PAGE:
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Tuesday, April 19, 2016

Review: Bessarabian Stamps: Stories

Bessarabian Stamps: Stories by Oleg Woolf
My rating: 4 of 5 stars
Available from Phoneme Media

Upon delving into Bessarabian Stamps, I immediately experienced what translator Boris Dralyuk had communicated in his preface that, "So much is born of so little." Immediately– I confirmed both the shortness and depth found in the book. Consequently it made for a challenging read while I struggled to maintain a coherent and linear reading of the 16 mini narratives due to characters with interchangeable names and seemingly ambiguous daily occurrences. However, I managed to advance in the reading and began to feel Oleg Woolf's mundane rhythm and the harmonious predicament of a community in limbo with no desire and no energy to be emancipated.

Woolf's descriptions of the town sustain each story and healthily compliment the interpersonal treatment between the characters and their town. They embellish each individual’s temperament and simultaneously, these temperaments become the crux of the book and its flow. In many instances Woolf intertwines Sănduleni into the DNA of each character, while each character weaves their own self reciprocally back into the town, thus showing that a place refuses to exist without those who inhabit it. Sănduleni has been precariously governed and manipulated by numerous regimes of rule throughout its history. It has seen it's borders morphed and moved numerous times deeming lines on a map as superfluous to its denizens that were either included or omitted by the busy boundaries. In Woolf's Sănduleni the trains sigh and the lakes need no inspiration. The town's profile is ostentatiously ordinary. Its people are mysterious and their language creates a tone and mood that is so unique that at times it seems unbearable to the reader. Yes, their language and dialogues are unconventional and may dizzy the reader, but they are the cogent themes of a people and region that have been dizzied by their own history. This consequently tends to lead the reader to believe that neither the region nor its people seem to fret over the ambiguity of their nationality or borders. But as the characters interact throughout each stamp, their ho-hum and somber tone latently screams, “that is not so!”

To be repetitive, the characters' discourse is a reflection of their setting– and Woolf pinpoints that with his wit and pithy narrative. Many stories can help a reader visualize another world. Bessarabian Stamps unleashes years and depths of a town in only a few pages. The setting and its dwellers effortlessly compete for the role of protagonist. The reader does not see another world, rather experiences and becomes familiar with the idiosyncrasies of an unusual normalcy found in the interaction of the habitants in their town. The people and the place will leave any curious reader profoundly satisfied and enlightened in a shadow of repetitive uncertainty. Does the post physically arrive to Sănduleni? Are these Stamps of any veracity? This book is a door to a plethora of other doors, each providing a glimpse into a community and its people where both refuse to reveal anything definitive about their shared predicament, leaving the reader's imagination to excavate its own depths. It must not go without mention that Boris Dralyuk has provided a vigorous translation that is certain to quench the curiosity of the English-speaking reader.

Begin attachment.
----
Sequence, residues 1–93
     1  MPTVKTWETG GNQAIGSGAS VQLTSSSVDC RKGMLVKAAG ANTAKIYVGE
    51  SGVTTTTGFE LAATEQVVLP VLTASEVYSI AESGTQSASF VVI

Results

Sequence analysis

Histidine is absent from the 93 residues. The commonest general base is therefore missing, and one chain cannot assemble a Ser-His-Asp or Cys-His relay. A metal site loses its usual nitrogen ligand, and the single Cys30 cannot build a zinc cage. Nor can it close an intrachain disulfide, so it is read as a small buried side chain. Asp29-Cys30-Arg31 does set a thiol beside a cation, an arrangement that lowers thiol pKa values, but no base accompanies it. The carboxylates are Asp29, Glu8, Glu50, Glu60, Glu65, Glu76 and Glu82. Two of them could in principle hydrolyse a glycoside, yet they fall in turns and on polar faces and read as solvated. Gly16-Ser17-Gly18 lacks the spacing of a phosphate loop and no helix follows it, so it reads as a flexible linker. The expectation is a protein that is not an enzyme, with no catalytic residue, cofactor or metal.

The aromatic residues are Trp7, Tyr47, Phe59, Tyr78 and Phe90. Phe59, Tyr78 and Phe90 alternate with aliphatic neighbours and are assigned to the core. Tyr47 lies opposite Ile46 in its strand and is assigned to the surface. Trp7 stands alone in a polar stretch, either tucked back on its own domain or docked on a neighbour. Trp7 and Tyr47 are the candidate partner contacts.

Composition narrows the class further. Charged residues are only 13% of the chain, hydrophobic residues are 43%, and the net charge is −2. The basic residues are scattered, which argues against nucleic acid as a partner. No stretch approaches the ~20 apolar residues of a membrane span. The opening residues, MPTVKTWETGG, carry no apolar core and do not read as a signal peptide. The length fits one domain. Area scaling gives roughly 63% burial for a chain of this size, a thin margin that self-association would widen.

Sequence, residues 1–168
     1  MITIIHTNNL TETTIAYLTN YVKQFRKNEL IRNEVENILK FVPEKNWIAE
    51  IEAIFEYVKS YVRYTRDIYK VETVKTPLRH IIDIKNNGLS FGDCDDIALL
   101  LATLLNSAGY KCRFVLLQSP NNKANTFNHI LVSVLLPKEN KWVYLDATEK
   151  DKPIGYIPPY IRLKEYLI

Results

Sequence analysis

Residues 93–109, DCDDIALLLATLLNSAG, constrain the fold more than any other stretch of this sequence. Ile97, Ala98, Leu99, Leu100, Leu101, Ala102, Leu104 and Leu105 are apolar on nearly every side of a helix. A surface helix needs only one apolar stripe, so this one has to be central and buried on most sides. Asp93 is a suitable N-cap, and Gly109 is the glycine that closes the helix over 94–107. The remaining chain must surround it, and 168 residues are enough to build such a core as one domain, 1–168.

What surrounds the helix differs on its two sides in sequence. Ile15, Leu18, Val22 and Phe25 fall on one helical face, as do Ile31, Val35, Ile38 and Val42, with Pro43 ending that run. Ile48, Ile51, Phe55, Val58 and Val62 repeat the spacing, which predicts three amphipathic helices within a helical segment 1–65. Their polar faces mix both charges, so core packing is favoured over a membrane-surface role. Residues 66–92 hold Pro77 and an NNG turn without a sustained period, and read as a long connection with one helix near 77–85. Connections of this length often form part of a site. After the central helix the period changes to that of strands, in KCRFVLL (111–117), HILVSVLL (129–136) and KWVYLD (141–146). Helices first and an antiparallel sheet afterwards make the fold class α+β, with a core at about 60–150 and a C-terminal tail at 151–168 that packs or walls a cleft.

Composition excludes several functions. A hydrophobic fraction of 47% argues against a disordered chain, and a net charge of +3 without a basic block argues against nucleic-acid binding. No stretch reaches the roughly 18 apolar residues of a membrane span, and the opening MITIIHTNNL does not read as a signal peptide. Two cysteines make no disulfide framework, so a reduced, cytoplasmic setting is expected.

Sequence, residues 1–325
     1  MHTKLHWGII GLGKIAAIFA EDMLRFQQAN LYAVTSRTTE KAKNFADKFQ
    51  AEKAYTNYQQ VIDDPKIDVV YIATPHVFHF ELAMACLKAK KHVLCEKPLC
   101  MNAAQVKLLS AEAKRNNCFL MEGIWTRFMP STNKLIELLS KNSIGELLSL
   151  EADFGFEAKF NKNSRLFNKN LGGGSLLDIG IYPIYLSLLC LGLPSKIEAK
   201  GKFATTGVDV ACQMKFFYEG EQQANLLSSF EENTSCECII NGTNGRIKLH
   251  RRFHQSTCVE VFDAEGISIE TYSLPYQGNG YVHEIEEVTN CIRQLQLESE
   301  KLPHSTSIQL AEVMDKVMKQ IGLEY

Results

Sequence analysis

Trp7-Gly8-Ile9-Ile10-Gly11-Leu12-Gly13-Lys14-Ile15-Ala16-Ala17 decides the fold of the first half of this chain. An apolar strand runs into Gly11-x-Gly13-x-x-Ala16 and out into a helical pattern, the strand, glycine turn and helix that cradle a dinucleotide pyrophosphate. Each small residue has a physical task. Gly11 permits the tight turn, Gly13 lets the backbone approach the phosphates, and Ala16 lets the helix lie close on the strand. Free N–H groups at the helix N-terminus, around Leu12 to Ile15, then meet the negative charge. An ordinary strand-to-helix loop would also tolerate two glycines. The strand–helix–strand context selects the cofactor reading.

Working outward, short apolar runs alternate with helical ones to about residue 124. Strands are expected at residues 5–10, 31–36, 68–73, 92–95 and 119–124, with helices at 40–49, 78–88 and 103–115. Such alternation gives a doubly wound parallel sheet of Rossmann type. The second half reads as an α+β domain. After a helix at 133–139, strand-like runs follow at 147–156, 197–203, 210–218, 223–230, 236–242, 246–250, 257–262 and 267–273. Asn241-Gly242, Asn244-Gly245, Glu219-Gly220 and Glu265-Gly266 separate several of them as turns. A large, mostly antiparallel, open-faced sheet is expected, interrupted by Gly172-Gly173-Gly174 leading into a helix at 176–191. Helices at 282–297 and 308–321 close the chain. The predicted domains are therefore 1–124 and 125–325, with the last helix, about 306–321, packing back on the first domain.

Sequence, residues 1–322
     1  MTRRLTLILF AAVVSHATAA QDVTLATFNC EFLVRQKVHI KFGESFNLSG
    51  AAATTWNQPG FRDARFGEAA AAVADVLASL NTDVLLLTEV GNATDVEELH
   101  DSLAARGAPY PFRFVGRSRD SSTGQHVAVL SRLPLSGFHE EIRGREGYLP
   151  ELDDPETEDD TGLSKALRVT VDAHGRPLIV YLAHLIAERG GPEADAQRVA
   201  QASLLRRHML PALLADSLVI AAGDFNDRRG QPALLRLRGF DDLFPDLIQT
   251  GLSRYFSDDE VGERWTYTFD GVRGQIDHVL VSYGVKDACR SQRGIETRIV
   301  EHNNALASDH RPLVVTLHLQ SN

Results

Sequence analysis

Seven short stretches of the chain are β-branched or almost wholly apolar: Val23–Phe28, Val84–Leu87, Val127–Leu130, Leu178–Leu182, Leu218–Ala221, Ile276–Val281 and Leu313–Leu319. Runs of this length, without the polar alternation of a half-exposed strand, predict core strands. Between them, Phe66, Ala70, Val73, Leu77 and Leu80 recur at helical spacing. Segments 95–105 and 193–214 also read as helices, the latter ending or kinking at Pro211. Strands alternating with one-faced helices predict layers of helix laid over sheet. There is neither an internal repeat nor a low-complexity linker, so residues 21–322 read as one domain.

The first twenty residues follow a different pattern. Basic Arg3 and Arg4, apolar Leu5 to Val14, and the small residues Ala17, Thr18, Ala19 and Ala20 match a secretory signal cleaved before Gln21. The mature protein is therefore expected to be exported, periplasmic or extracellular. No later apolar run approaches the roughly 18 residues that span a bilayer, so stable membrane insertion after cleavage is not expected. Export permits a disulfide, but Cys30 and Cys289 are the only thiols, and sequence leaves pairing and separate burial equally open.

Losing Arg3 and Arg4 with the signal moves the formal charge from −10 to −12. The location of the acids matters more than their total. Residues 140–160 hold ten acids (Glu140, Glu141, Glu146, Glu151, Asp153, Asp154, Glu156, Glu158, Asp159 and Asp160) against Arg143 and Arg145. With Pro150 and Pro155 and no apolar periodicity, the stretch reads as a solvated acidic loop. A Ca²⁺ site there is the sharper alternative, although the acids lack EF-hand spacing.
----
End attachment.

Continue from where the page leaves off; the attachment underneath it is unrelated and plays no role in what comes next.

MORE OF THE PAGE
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Wednesday, April 6, 2016

Good Air?

Air exposes its essence to what we create with it and how we apply her to life. El Negro has arrived to Buenos Aires. I heard the screams from the tarmac. They reached my 15th floor balcony 37 kilometers away. I am not certain how or even why– disconcerting. Were they screeches perhaps? Sharp like an eagle or hungry like a vulture? I could not paint sounds with colors, a gift I have had since I can remember– a peculiar way I create with the air. The block was unconscious and indecisive, possibly it was bad circulation. The shadow tarried in a moribund black as the red, white and blue cautiously arbitrated the celeste and white. I chose the sun. I chose the sun and looked directly at it with open eyes as it glazed the surface of the Río de la Plata and I, as if we were two sisters admiring ourselves in a lateral mirror. Etta James sounded on my iPod and we forgot about the screeches, or the shrieks, or the screams, setting off from the south of the urban cone. I envisaged a tepid white forearm that belonged to Etta, flipped belly-up ready to fillet- upturned over her left thigh like a dorado, furtive in a powder room of the radio station, helplessly submitting to a silver needle that would silence the internal screams– guttural from the innards and exposed in streams from the beaks of demon eagles trapped in her that would subsequently transform and morph while voyaging through her great redeemer. 15 minutes later over the broadcast to a %99 listener majority of a vibrant white, her vocal chords redeemed it all. Staring at the sun I thought of El Negro and Etta. I sucked the mate gourd to a quagmire that synthesized my overall posture as the sun veiled me and my sister. Chavez gifted El Negro Las venas abiertas de América Latina by Eduardo Galeano. What about the Open Veins of Etta James, or the Open Veins of Billie Holiday? Chavez is dead, so is Galeano, Etta, and Billie, too. Maybe the Engineer will give el Negro a book. Civility and Barbarity by Sarmiento? Or Bases by Alberdi? Operación Masacre by Rodolfo Walsh? The air is truly good today, but Etta would have belted out redemption, unleashing those internal gryphons to pluck the eyes of demagoguery, and pecking at the air to silence the misused air of the screeches and screams– belting from the tarmac.
March 23rd, 2016